Photography by Gavin Bond. Photographed in Brooklyn, NY on October 3, 2016. Styling by Michael Cook. Grooming by Amber Amos for The Only Agency using Sisley Paris. All clothing by Bottega Veneta.
Javier Muñoz — devastatingly charming, 41 years old, openly gay, openly HIV-positive — grew up in a Puerto Rican household in Brooklyn’s East New York neighborhood at a time when it was among the most violent places in America.
“That neighborhood was a pocket of tension and aggression,” Muñoz says. “My parents did their best to protect me and my brothers, and we got out of there alive. Ultimately, the street smarts it gave me, the toughness it gave me, is how I’m able to survive so many things, so many transitions.”
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Photography by Gavin Bond. Photographed on the High Line, New York, on July 22, 2016. Styling by Thomas Carter Phillips for The Wall Group. Groomer: Amber Amos for The Only Agency using Sisley Paris. All clothing by Bottega Veneta.
In the late 2000s, after years of struggling to be a professional actor, Muñoz had all but given up and was working in a restaurant as a server while performing in a small off-Broadway musical, All Is Love, penned by a friend. That performance led to a role in Lin-Manuel Miranda’s In the Heights and eventually to him becoming the understudy to Miranda himself in the wildly successful Broadway hip-hop musical Hamilton, about the life of American founding father Alexander Hamilton. While the show was in previews, in the winter of 2015 — and in the wake of a cancer diagnosis (he is in remission now) — Muñoz performed for the Obamas. Six months later, he assumed the titular lead role full time.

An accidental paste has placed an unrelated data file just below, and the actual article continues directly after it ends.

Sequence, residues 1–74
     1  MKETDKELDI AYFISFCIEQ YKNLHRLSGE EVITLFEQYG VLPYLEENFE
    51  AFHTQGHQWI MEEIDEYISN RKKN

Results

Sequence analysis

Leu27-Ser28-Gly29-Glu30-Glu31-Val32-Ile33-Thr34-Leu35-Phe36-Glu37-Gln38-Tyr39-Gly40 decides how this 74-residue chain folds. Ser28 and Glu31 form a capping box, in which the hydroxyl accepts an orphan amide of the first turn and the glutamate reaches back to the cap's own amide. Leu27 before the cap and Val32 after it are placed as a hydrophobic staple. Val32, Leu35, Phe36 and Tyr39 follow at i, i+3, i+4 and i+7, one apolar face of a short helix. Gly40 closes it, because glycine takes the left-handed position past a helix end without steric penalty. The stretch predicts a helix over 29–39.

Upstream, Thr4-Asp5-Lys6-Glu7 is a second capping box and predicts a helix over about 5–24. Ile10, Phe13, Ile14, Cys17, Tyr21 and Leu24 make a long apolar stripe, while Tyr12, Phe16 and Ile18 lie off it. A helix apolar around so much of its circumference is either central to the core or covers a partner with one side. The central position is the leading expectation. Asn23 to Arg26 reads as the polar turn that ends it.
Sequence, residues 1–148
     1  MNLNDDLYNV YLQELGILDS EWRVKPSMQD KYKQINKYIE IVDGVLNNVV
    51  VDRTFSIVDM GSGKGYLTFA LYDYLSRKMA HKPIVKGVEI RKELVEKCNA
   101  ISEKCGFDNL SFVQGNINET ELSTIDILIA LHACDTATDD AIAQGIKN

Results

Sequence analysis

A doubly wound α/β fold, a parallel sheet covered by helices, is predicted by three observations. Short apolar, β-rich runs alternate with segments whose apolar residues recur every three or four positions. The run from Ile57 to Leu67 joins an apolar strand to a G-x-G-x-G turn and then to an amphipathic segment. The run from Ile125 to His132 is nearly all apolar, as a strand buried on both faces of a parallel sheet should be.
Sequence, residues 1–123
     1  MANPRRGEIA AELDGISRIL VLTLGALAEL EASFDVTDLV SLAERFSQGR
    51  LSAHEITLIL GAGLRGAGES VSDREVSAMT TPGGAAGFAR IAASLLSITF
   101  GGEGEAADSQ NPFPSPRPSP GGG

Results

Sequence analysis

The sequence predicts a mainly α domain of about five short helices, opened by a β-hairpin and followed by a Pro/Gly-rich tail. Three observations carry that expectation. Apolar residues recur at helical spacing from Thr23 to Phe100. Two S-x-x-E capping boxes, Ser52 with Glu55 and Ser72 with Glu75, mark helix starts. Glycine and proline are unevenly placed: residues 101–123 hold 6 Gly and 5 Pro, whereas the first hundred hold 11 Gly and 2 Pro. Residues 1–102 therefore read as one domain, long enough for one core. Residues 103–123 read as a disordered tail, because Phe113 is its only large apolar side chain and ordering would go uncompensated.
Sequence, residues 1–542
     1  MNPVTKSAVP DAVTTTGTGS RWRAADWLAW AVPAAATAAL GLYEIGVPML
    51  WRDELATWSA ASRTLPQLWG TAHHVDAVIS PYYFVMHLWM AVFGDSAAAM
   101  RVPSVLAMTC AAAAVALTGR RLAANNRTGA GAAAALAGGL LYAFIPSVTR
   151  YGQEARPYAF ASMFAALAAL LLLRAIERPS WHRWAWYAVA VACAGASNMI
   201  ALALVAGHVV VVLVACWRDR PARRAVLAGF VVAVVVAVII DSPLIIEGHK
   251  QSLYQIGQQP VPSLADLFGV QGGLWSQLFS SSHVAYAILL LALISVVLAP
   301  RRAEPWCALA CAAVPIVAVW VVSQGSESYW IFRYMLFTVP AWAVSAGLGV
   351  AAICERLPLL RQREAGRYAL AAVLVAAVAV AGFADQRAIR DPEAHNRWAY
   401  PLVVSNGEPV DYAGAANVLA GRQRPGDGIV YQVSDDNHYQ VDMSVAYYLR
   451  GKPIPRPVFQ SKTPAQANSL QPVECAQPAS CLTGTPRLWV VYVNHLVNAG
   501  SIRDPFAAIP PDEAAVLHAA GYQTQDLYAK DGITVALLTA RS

This year Hamilton was nominated for a record-setting 16 Tonys and won 11. The waiting list for tickets extends well into 2017.
Sitting in a beer garden in Manhattan’s Meatpacking District, Muñoz says, “If I can be a new face that people see that is HIV-positive and healthy and performing seven shows a week and kicking ass, then let that stand as a positive example for the person who is still living with that stigma and fear. Or for the person living in a country or situation in which they are not supported, let that be a fire in their belly to keep fighting the good fight for themselves.”
But as Muñoz quickly learned, fame has its drawbacks. One night after taking over his new role this summer, Muñoz left the theater and jumped on the subway to go home, as he’d always done.
“That’s the Hamilton guy,” someone whispered. The smartphone cameras covertly clicked away. Muñoz played it cool.
“I was like, Deal with it tonight, and now you know,” Muñoz says, laughing. “It’s crazy, man. This is sort of beyond what I’d hoped and dreamed. I always wanted to be the actor that could work consistently but still ride the train. I can’t do that anymore.”